"I'm not a player that has scored many goals in my career, but I enjoy doing it and most of all, I enjoy afterward," Torrado said. "As I've said before, I'm not a top scorer, but in talking with my wife during my career, when I score goals, they are pretty. So theme 'little but nice.' In Spanish, it rhymes: 'poquitos pero bonitos'.

"It has been such a great experience with the guys becoming one of the 'Boys in Blue', and my time here has been fantastic. To be able to score and enjoy that moment adds to the list of things I won't forget."

Torrado's smile is contagious. A calm, coy personality, you would not think the man had captained three different World Cup sides when speaking with him.

But, there's an aura of presence around him. In over 20+ years as a player, Torrado has developed a knack for living and breathing in the moment you're speaking to him. Nothing too far - past or future - dictates that moment. Ask the Hispanic community of Indianapolis with whom he has formed relationships. One of the biggest international talents to bless the NASL, Torrado has gone above and beyond his duties as a player to establish a connection with this city and the people who inhabit it.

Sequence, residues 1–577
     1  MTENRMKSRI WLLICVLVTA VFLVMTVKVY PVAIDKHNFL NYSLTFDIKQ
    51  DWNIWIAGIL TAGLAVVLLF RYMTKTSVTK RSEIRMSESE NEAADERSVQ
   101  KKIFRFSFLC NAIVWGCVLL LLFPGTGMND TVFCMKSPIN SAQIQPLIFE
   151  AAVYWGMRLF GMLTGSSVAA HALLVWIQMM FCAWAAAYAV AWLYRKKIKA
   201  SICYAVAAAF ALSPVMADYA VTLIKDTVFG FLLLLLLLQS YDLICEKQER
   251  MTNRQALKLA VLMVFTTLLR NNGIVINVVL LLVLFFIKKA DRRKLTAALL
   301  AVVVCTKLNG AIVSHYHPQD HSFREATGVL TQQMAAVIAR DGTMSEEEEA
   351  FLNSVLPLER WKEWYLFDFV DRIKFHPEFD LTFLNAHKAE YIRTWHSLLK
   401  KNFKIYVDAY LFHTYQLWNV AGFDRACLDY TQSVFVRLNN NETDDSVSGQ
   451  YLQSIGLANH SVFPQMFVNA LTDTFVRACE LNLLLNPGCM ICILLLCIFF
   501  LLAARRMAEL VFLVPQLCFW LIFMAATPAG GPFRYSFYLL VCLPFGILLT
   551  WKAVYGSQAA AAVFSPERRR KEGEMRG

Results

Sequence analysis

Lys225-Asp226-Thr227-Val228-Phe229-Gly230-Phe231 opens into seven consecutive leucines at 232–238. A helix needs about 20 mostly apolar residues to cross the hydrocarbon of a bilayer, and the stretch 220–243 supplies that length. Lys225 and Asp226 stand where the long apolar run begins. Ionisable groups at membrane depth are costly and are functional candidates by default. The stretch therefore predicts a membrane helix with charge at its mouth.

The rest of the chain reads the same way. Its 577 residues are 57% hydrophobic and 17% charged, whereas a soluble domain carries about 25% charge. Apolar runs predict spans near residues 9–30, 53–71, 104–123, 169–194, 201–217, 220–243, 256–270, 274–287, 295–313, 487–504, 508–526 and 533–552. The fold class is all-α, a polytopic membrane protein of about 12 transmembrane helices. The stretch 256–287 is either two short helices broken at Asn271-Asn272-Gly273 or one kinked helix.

"In the beginning, I didn't think there were a lot of Hispanic people in this community," Torrado said. "But, now I see more and more people in the stadium every week. These people get to come in and enjoy themselves in an environment like Carroll Stadium. It's wonderful."

"You want your people to come in and share those moments, so seeing more people at the stadium and having more of the Hispanic community at our games, it makes me feel happy, and also for the team. The guys put on a great show and it's fantastic to be a part of."

For Torrado, every moment here from day one to day one hundred and beyond is a teaching moment. Accomplishing more than many dream of in their careers, "El Borrego" isn't done yet. Instead, he's ready to soak in every remaining minute of his time with "Indiana's Team" as he continues to push himself out of his comfort zone.

"There are a lot of things and moments in your career where you think you're right and no one else is," he said. "Sometimes you have to be open to still learning and knowing that your way isn't always the only way things can be done. I've learned a lot here, on and off the field. I've tried to grow here and give my best to the team."

"It's about giving back, and that's been a big part of my time here as well. I wanted to help younger players where I could, whether that's coaching them or developing their skills, or even just helping them realize they had talent they didn't previously see."